It is a worthy undertaking to redefine what we know as “materialism” in today’s culture. The word is so often associated with excess, waste, and possessing more stuff than the neighbors have. Keeping up with the Jones, or what not. I have recently come to the realization, as have others in the past, that the materialist tendencies of our culture is a misnomer or at the very least a misunderstanding of the term, and if we really were as materialist like some critics may argue than we should have a real appreciation for material goods, rather than just merely consuming them- to be discarded like a used napkin when they no longer appeal to our needs or wants.
Our collective consumerist nature is no doubt a concern, and is a one of many defining characteristics of a diseased culture seemingly determined to destroy the natural world from which we have taken so much. I would argue, as have others, that a materialist culture should set a high standard for their goods and possessions, rather than settling for mass produced junk I usually view as landfill garbage sitting on a store shelf, waiting to be thrown out. I know I’m not alone in this assessment; it is common in our cynical culture. Planned obsolescence as a conceptual term has reached the mainstream lexicon long ago, and although so many people demand something better, for various economic reasons fundamental to the system, and marketing strategies absurdly effective in their ROI, we live in a throwaway society. Nothing will change until the conditions of the economic system change- a change will be made for us, based on true resource scarcity, rather than artificial capitalist driven scarcity.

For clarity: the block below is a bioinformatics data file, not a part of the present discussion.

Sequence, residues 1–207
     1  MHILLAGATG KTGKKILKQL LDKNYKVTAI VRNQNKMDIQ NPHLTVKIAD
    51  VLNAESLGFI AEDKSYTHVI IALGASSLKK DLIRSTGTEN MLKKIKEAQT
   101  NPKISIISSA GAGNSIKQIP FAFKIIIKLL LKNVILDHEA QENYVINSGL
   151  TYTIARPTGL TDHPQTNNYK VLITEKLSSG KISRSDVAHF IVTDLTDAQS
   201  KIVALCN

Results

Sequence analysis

The values we use to evaluate goods for their usefulness is obviously decided by the culture and conditions of our lives at the time, and unfortunately on the grand scale, the consumerist trends are going to continue until the material wealth (squandered for two centuries or so) no longer can provide the standard of living so many people take for granted. Societies rise and fall, power centers shift, and ways of life which today seem natural and concrete, will one day be viewed as antiquated and silly, or forgotten completely.
So much is lost when a society collapses, and I doubt the Facebook server farms with your vacation pictures to Costa Rica will be a high priority when folks are struggling to keep from starving. There is no solution to these problems- no technofix. The time for change has come and gone long ago.
Everything I say and do comes back to refrigerators, and this article will be no different. A better refrigerator won’t save our way of life, that’s absurd. I don’t want to save this culture; it is diseased and claims to dominate the universe and everything in it. That’s why I have said before that the refrigerator I want to build is for no one alive today- it is for the yet unborn. It is to be a expression of my appreciation for a technology that will cease to exist one day. Perhaps in a few hundred years, the knowledge and technical ability to mechanically cool food stuffs will have vanished. Perhaps it will no longer be necessary as human beings return to a way of life similar to that of successful people of the past few hundred thousand years.
In the interim, we have a surplus of human beings, and refrigeration has proven to be useful tool in the storage of food nutrients. In fact, artificial refrigeration allows for expanded populations- a great threat. It is in fact one of those dangerous technologies we have become dependent on like automobiles, electricity, and agriculture. It is quite likely that folks will need refrigerators for the remainder of my lifetime, and probably after that as well. I’d like my refrigerators to be durable, serviceable, and beautiful enough to foster the same appreciation I have for the technology, and the values I have to be communicated well enough through its construction, that it is not only worth restoring and maintaining, but those values encourage others to pursue a better refrigerator of their own, or the creation of other durable goods for a culture (or even subculture) that cares about real materialism.